Setsubun Traditions: Driving Away Demons, Embracing Good Fortune in Japan

The beginning of this month (Feb.3rd) was “Setsubun”.
Do you know what it is?

Originally, “Setsubun” was the day before the seasonal turning points of four seasons. The spring Setsubun (on Feb. 3rd) was considered the most important of them all.

Today, it has become a traditional event to drive away evil spirits by throwing beans, “Mamemaki”. 

Mamemaki is a bean-throwing ceremony where people shout “Oni wa soto, Fuku wa uchi” while scattering beans outside their windows or front doors.

It has long been believed that when God comes to visit, demons and other evil things come along with him.
Therefore, it is said that this ceremony was held to welcome only the gods and to drive out the evil ones.
The beans are roasted soybeans, and it is said that if you eat your age plus one after Mamemaki, you will live a healthy life for a year.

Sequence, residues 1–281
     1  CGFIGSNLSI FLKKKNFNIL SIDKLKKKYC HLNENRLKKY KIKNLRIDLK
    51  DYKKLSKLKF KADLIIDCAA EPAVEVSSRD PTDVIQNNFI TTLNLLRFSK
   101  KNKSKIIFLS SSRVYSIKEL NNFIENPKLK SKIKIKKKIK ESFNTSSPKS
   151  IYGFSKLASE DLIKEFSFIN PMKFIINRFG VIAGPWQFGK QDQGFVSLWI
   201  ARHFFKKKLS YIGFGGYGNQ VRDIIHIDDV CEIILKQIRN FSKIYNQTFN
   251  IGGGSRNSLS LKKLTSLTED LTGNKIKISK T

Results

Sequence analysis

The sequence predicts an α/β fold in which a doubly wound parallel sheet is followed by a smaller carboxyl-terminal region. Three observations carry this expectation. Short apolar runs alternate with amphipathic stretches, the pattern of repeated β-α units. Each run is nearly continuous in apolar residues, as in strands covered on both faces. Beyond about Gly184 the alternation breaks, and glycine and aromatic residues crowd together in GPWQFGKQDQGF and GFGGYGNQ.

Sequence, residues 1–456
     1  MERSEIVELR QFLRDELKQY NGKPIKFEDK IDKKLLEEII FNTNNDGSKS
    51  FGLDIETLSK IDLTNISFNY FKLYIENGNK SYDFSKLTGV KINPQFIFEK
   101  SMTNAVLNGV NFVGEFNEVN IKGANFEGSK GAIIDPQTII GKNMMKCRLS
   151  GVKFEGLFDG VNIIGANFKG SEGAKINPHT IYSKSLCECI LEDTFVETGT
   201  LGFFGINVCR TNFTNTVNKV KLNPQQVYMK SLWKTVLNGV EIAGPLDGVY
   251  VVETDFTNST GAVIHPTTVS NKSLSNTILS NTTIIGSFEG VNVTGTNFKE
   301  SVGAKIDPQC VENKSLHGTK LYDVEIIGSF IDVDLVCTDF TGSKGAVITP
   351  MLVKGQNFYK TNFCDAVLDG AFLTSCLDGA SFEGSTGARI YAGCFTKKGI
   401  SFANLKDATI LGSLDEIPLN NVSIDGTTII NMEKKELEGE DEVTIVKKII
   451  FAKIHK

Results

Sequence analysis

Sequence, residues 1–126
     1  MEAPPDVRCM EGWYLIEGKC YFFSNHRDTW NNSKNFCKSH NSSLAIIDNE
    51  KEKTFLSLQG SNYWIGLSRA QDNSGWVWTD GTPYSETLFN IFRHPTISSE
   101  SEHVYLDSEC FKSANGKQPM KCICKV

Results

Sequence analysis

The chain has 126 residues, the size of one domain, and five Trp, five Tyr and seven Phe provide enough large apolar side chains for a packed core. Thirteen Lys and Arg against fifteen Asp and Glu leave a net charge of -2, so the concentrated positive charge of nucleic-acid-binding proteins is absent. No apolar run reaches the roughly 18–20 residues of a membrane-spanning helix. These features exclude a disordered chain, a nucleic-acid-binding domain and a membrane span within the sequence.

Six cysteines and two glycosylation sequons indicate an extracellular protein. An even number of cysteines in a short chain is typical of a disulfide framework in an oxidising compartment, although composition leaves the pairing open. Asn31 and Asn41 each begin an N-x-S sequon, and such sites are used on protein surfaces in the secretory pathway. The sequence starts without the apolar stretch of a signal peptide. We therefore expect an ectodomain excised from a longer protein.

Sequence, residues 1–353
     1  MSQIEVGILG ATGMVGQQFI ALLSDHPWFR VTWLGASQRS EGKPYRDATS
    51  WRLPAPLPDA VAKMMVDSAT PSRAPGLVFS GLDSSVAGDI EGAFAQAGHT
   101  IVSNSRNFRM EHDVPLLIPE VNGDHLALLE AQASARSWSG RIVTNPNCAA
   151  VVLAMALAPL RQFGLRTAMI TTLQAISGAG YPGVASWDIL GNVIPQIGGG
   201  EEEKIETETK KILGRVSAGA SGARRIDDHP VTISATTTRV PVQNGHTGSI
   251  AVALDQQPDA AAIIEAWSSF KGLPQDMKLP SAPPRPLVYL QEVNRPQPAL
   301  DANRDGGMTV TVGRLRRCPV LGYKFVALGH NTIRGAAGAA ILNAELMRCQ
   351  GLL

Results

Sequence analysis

But I can’t eat that much anymore! 

There is another custom to invite good fortune by eating “ehoumaki” ( sushi roll, without cutting).

It is believed that if you eat up one ehomaki without speaking, facing the direction of good fortune, you will stay healthy for a whole year.

It started in Osaka from the Edo period to the Meiji period (1868-1912) and was eaten for business prosperity.

Eating a whole piece is meant to “keep the good fortune alive”
The ritual of eating without speaking is because “if you speak during the meal, the good fortune will escape”.

Since this day was the day before “Risshun” (立春), which is the first day of spring in the twenty-four seasonal divisions,
to ward off evil spirits, it was a good day to take a bath with some salt and sake.

In Japan, there are ancient customs that have been preserved throughout the year, and it is essential to cherish each seasonal event.

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